Applying the proper legal standards based upon well-established precedent, the Court finds that the United Statesis likely to succeed on the merits in showing that the following Sections of S.B. 1070 are preempted by federal law:
Portion of Section 2 of S.B. 1070 A.R.S. § 11-1051(B):
requiring that an officer make a reasonable attempt to determine the immigration status of a person stopped, detained or arrested if there is a reasonable suspicion that the person is unlawfully present in the United States, and requiring verification of the immigration status of any person arrested prior to releasing that person.
Section 3 of S.B. 1070 A.R.S. § 13-1509: creating a crime for the failure to apply for or carry alien registration papers.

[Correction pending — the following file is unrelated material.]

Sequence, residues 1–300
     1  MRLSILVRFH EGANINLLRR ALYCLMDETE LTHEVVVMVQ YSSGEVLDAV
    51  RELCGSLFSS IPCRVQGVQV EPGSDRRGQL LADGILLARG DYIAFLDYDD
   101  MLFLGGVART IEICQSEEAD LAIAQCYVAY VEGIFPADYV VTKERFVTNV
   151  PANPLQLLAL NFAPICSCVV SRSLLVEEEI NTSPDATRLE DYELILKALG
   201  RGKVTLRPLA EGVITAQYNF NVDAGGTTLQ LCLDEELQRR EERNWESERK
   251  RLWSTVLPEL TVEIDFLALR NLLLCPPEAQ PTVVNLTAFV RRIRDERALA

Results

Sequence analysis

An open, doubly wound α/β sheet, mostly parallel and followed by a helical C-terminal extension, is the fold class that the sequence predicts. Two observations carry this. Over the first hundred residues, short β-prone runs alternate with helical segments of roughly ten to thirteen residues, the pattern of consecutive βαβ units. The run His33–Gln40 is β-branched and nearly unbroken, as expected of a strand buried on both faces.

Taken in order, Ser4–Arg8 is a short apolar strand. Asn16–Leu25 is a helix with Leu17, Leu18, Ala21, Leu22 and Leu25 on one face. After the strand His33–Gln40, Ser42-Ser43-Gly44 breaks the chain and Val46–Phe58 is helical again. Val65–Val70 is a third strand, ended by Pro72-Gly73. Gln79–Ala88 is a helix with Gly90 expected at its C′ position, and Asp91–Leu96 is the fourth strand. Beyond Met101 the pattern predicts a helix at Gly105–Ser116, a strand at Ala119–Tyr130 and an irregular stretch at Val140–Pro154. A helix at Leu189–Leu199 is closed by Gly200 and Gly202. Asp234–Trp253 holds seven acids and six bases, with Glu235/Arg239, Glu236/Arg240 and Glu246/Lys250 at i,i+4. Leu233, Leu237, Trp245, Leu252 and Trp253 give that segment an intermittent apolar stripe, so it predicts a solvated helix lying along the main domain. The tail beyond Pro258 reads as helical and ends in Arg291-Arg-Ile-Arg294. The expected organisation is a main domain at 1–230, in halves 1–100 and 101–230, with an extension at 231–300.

Portion of Section 5 of S.B. 1070 A.R.S. § 13-2928(C): creating a crime for an unauthorized alien to solicit, apply for, or perform work.
Section 6 of S.B. 1070 A.R.S. § 13-3883(A)(5): authorizing the warrantless arrest of a person where there is probable cause to believe the person has committed a public offense that makes the person removable from the United States
The Court also finds that the United States is likely to suffer irreparable harm if the Court does not preliminarily enjoin enforcement of these Sections of S.B. 1070 and that the balance of equities tips in the United States’ favor considering the public interest. The Court therefore issues a preliminary injunction enjoining the enforcement of the portion of Section 2 creating A.R.S. § 11-1051(B), Section 3 creating A.R.S. § 13-1509, the portion of Section 5 creating A.R.S. § 13-2928(C), and Section 6 creating A.R.S. § 13-3883(A)(5).
Wednesday, July 28, 2010
The court blocked implementation of certain portions of the Arizona controversial immigration bill. Here is part of the ruling: